Prepare For Programmatic Imperialism: Q&A With ChoiceStream's Eric Bosco

ChoiceStream CEO Eric Bosco believes that the media industry will soon be entirely programmatic. “We are definitely headed toward programmatically traded media in other channels like TV, print and outdoor,” he says. Here are more of Bosco’s answers:

CW: What is your definition of television?

EB: Television is produced content that is owned by the media company and monetized by advertising.  Video is shorter in format and may be user-generated, but is also ad-supported.  In contrast, a film, a movie, or a series can be accessed on the same devices as TV and video, but these are monetized by subscription. Finally, cinema is viewed in a dedicated venue and monetized by admission fees.  It boils down to monetization models, which is why some of these definitions may converge in the near future.

CW: Where is ad tech headed?

EB: Migration to programmatic will continue.  Today, marketers are embracing the basic benefits of efficiency and scale for basic media channels like online display, video. They do this through DSPs and programmatic direct deals. Moving forward, brands will continue to adopt programmatic and will progress to more optimized one-to-one approaches.  We are definitely headed toward programmatically traded media in other channels like TV, print, outdoor, etc.



CW:If you were at a television network, would you start the sales shift to programmatic? If so, how could you maintain the CPMs?

EB: I would certainly start the sales shift.  There are many excellent reasons to shift to programmatic, but the most immediate would be to [help] figure out the space, possibly even to contribute to shaping it while it is still malleable.  

Any television network that ventures into programmatic for the first time a year or two from now will be riding the coattails of their competitors.  The CPMs will do exactly what they did in online display when that business became programmatic: they will dip a little short-term, then they will recover.  

Of course, every programmatic platform supports floors, and floors can be used to prop up pricing, but I don't think CPMs are the issue.  If CPMs drop a bit while volumes climb, net revenue won't be impacted.  Programmatic is sure to bring a whole set of new advertisers to TV, while it brings engaging TV ads to 1:1 advertising.  I think everybody wins from that.

CW: Give me some predictions for how the media landscape will look five years from now.

EB: In the next five years, we will continue to see a shift in ad tech as it relates to marketing technology. Companies are expanding their capabilities to become integrated marketing platforms. Enterprise software companies like Oracle, SAP and IBM are increasingly becoming involved with helping CMOs in a way similar to that of ad tech agencies. Oracle’s acquisition of Datalogix back in January is proof positive of this trend toward all-encompassing marketing solutions.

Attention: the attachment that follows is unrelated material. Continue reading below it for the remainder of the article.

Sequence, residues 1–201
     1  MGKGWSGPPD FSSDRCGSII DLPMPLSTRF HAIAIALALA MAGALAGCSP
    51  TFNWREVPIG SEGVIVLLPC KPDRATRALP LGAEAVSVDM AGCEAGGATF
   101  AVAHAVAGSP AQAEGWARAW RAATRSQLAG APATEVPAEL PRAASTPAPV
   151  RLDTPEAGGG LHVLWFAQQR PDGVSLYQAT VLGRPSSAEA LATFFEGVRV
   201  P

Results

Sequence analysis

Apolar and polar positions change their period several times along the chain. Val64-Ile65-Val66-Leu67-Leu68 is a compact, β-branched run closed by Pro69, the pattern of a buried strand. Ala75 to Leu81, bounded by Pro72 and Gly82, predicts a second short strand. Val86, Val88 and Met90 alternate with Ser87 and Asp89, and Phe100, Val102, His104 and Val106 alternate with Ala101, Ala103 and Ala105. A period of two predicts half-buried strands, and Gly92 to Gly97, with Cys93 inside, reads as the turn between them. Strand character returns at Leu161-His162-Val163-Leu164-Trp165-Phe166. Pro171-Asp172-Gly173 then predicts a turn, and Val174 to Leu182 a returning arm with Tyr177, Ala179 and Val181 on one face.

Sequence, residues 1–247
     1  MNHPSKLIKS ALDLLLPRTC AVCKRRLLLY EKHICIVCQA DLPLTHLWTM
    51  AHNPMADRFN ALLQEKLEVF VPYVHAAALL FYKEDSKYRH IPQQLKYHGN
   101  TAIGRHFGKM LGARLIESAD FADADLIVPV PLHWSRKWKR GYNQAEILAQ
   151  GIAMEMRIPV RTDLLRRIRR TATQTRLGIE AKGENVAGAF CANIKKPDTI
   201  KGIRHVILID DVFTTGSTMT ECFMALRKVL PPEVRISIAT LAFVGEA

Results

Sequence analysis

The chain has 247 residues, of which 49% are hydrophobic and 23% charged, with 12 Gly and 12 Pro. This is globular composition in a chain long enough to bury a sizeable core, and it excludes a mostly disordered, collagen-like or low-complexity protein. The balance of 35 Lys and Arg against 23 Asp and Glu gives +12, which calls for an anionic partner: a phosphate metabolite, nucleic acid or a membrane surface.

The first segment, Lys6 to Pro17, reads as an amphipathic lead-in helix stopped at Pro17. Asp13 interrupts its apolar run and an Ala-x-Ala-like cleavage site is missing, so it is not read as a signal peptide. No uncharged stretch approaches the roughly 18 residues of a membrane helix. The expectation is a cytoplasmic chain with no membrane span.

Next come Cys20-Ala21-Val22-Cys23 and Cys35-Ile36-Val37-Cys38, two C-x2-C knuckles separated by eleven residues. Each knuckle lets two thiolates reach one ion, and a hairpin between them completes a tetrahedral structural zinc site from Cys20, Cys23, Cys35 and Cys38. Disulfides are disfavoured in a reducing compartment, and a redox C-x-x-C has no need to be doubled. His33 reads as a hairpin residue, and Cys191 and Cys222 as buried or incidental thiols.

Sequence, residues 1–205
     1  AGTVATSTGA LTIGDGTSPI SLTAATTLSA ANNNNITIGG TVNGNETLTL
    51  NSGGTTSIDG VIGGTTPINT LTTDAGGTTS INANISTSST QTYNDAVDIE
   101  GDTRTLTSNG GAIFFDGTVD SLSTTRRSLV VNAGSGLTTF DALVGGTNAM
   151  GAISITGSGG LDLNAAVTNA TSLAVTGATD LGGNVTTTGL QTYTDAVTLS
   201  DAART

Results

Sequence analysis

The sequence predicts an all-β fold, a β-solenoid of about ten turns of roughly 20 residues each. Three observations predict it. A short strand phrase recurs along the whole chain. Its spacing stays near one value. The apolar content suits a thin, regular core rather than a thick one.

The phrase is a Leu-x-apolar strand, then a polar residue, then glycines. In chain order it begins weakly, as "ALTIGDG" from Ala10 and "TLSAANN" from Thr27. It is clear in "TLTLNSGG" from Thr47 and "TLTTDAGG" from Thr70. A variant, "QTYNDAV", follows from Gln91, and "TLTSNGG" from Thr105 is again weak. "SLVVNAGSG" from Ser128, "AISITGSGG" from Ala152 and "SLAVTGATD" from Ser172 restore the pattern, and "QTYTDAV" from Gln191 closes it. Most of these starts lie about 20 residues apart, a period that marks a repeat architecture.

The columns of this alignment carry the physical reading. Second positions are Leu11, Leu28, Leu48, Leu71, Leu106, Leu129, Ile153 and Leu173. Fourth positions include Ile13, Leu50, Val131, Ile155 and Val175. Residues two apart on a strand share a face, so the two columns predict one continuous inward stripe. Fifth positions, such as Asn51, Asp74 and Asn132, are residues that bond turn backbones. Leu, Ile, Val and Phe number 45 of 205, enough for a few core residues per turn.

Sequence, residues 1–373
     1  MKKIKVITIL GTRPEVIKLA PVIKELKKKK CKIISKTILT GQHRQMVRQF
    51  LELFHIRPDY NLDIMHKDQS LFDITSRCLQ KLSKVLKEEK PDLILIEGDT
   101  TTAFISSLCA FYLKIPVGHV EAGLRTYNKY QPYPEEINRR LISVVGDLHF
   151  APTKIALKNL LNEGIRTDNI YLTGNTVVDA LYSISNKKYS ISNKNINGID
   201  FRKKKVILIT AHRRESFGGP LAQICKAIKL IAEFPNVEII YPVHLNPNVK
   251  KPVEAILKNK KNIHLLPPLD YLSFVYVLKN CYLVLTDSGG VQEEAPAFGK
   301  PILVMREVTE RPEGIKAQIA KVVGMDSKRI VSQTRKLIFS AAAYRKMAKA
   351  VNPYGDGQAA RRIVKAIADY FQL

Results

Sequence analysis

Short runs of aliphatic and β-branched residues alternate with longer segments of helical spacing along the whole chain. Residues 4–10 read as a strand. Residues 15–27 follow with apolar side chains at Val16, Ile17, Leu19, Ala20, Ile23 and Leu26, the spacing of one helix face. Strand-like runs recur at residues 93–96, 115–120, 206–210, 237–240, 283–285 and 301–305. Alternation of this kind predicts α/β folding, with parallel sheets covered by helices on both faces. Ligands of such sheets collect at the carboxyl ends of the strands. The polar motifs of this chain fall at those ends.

Similarly, ad tech solutions platforms like ours are strengthening our marketing arm on both sides of the equation. While we partner with many advertising and media agencies, we also work directly with brand marketing leadership, serving them as a programmatic marketing platform.

8 comments about "Prepare For Programmatic Imperialism: Q&A With ChoiceStream's Eric Bosco".
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  1. Ed Papazian from Media Dynamics Inc, July 15, 2015 at 9:57 a.m.

    If TV CPMs "dip" with the theoretical advent of 100% "programmatic" buying---and I assume he means real programmatic buying with 95% plus of all GRP inventory at play not "computer assisted" human buying tests----and this is offset by more "volume" for the sellers, doesn't that translate to more ad clutter------which means less impact per ad? Or aren't factors like ad clutter and impact part of the "programmatic" process? Just asking.

  2. Charlene Weisler from Writer, Media Consultant:, July 15, 2015 at 10:09 a.m.

    Good question. I will forward to Eric for comment.

  3. Ed Papazian from Media Dynamics Inc, July 15, 2015 at 10:14 a.m.

    I'm also intrigued to hear the claim that programmatic will bring a whole set of new advetisers to TV---I assume this means direct response advertisers, but maybe he means companies as yet waiting to be formed. Also, the reference to "more engaging" ads is interesting as this probably refers to "addressableTV". So, thanks to programmatic, advertisers will be able to single out only those viewers who are really interested in what they have to say, therefore the commercials will be more"engaging".

    It's all so pat----until you ask yourself, what percent of the total GRP pie consists of viewers who are in the market for an average product---assuming that it is really possible to determine this and find a database to guide the programmatic computers to said viewers? If the answer is 50%---and I may be being generous----what happens to those non-prospect GRPs? The counter to this is the assumption that it will all even out---meaning that the prospects for one ad campaign may not be the same people as the prospects for another advertiser. Yet most marketing studies tell us that roughly 20% of the population spends about 40% of the amount taken in by advertised products and services, while another  quintile, accounts for only 5%. So, maybe things wont even out after all.

  4. Charlene Weisler from Writer, Media Consultant:, July 15, 2015 at 6:50 p.m.

    Hi Ed, Eric has responded and asked me to post for him: